[C]learly this was not something that we expected to happen, given the history of this bridge, the inspection process, and how this bridge was rated.

— Mary Peters, secretary of Transportation, during an Aug. 4 White House press briefing about the collapsed Minnesota I-35W bridge that “[s]tate bridge inspectors [had] warned for nearly a decade before its collapse that the Interstate 35W bridge had ‘severe’ and ‘extensive’ corrosion of its beams and trusses, ‘widespread cracking’ in spans and missing or broken bolts … [with] certain components were ‘beyond tolerable limits’ … ”

This record is not tainted at all, at all. Period. You guys can say whatever you want.

— San Francisco Giants right fielder Barry Bonds at a press conference after breaking Hank Aaron’s career home-run record of 755 home runs Tuesday night.

Tonight, Barry Bonds etched his name into baseball’s history books and took his rightful place among the sport’s immortals. … As a season ticket holder, I am particularly glad it happened on the Giants’ Italian night.

— excerpt from statement by Democratic Rep. Nancy Pelosi, speaker of the House, who represents the Eight Congressional District in California, which includes San Francisco.

Absolutely, absolutely. I’m a big Hank Aaron fan. He did it the right way — he earned it.

— House Minority Leader John Boehner, a Republican, asked if he would put an asterisk after Barry Bond’s record 756 home runs.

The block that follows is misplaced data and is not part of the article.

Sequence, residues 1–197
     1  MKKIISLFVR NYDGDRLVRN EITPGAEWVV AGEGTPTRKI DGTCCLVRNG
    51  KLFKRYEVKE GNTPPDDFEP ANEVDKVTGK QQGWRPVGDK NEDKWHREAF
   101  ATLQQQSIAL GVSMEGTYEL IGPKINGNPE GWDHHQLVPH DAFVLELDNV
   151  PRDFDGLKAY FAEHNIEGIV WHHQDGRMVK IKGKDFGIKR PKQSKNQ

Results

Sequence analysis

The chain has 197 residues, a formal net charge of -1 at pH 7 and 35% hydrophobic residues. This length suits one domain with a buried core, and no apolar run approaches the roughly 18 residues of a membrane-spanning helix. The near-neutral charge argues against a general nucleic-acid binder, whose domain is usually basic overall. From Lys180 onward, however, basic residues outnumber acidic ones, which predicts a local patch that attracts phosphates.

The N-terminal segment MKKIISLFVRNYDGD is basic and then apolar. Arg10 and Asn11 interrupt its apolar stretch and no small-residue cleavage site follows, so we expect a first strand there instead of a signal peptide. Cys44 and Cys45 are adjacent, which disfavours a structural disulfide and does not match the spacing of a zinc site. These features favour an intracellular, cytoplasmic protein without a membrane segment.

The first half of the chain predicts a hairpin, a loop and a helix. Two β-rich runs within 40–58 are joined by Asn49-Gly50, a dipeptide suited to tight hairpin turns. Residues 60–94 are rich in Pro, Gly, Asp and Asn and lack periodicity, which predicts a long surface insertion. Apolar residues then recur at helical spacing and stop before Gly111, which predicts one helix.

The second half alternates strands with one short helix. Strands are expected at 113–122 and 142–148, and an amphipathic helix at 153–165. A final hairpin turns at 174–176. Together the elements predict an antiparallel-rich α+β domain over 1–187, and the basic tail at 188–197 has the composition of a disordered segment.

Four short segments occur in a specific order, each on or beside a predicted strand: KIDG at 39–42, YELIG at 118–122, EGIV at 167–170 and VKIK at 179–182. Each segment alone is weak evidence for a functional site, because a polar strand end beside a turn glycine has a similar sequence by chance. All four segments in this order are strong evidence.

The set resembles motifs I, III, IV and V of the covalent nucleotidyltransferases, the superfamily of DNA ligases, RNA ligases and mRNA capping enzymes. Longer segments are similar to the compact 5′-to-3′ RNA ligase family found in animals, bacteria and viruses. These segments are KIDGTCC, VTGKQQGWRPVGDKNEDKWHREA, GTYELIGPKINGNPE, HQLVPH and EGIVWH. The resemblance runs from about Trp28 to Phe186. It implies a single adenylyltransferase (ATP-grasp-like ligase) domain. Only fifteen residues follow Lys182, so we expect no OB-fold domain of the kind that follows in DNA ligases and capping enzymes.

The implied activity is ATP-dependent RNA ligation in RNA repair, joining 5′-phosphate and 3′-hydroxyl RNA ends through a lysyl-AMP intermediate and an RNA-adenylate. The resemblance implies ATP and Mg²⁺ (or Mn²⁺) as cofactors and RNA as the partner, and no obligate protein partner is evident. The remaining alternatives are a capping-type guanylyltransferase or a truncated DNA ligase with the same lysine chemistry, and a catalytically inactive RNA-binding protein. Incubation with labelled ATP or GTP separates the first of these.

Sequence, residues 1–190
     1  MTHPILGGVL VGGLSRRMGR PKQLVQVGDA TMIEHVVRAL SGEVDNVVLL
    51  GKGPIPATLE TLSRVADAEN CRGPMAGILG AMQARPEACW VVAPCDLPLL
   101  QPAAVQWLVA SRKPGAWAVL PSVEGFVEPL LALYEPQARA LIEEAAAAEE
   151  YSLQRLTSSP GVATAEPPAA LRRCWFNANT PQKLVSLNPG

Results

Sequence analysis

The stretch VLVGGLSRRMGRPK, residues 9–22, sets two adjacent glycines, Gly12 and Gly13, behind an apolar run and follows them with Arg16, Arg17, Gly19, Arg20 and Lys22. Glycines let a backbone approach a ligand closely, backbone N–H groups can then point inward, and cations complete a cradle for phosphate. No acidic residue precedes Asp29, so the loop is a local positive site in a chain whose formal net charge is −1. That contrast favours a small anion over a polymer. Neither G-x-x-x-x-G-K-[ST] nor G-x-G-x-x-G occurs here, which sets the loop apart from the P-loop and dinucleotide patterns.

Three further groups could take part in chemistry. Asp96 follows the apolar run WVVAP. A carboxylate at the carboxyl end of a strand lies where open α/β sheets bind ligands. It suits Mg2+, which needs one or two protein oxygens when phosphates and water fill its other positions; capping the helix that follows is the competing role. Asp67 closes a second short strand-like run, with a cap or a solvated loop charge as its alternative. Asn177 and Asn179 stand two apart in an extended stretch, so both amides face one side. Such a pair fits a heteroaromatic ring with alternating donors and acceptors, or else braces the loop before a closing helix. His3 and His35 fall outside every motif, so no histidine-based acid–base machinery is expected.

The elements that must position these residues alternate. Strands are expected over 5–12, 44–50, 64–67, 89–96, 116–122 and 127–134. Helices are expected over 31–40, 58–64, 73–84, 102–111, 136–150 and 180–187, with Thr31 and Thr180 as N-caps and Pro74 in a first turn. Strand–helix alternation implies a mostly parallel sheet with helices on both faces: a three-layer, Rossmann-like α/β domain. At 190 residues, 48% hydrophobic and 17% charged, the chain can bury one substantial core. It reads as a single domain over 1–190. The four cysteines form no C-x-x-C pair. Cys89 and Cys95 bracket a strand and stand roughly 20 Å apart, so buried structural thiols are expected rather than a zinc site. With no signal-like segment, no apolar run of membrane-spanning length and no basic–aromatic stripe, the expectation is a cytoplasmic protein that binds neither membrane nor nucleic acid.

Nowadays, around baseball, when you say ‘Henry,’ that’s enough. There’s only one of him in this game. And that’s enough, too, for my dough. I mean, why be greedy? Beethovens don’t come by the dozen. Baseball is not the philharmonic, but it is like it in that when you get someone who doesn’t need the music right in front of him, people pay to see him. As for you Willie Mays fans — Liberace, baby. My man is not the sequined-suit type. No vulgar flash. Just hits the right notes. And the high curveballs.

— Closing paragraph of an Oct. 3, 1963, column on Hank Aaron by the late Jim Murray, Pulitzer-winning sports columnist for the Los Angeles Times.

We have a very different expectation of our heroes than we used to. They have to somehow tickle us in the short term, as well as provide sustenance for the long. They have to be clever. They have to do things on the field that amuse. It’s not enough to hit 756 home runs. We need to be entertained.

— sports historian John Thorn.

I dreamed about this as a kid. Unfortunately, when I dreamed about it, I was the one hitting the homer.

— Washington National Mike Bacsik who threw the two-out, 3-2 fastball that Barry Bonds hit over the fence in right center field in the fifth inning for his 756th home run.

Our Nation is grateful for the bold leadership of American women who have opened doors of opportunity for women of future generations. On Women’s Equality Day we honor the suffragists and all those who seek to expand equality in our world.

— from an Aug. 6 proclamation designating Aug. 26 as Women’s Equality Day by President Bush, whose administration sought last year to eliminate the Equal Opportunity Survey, begun by President Clinton to compel “companies to disclose data … on affirmative action performance and pay by gender and race.”

This is a shadowy enemy, unbound by morality or the rules of war, operating in stealth, and setting up networks within networks.

— from an Aug. 6 address to the 84th national convention of the Marine Corps League by Vice President Dick Cheney, who was presumably speaking about terrorists and not the Bush administration.

The Administration’s mid-year budget update showed that we’re making good progress in driving down the deficit to half of what it was three years ago – and just 1.5 percent of our total economy. The Federal budget deficit is now estimated to fall to $205 billion in 2007, a reduction of $43 billion or 18 percent from last year.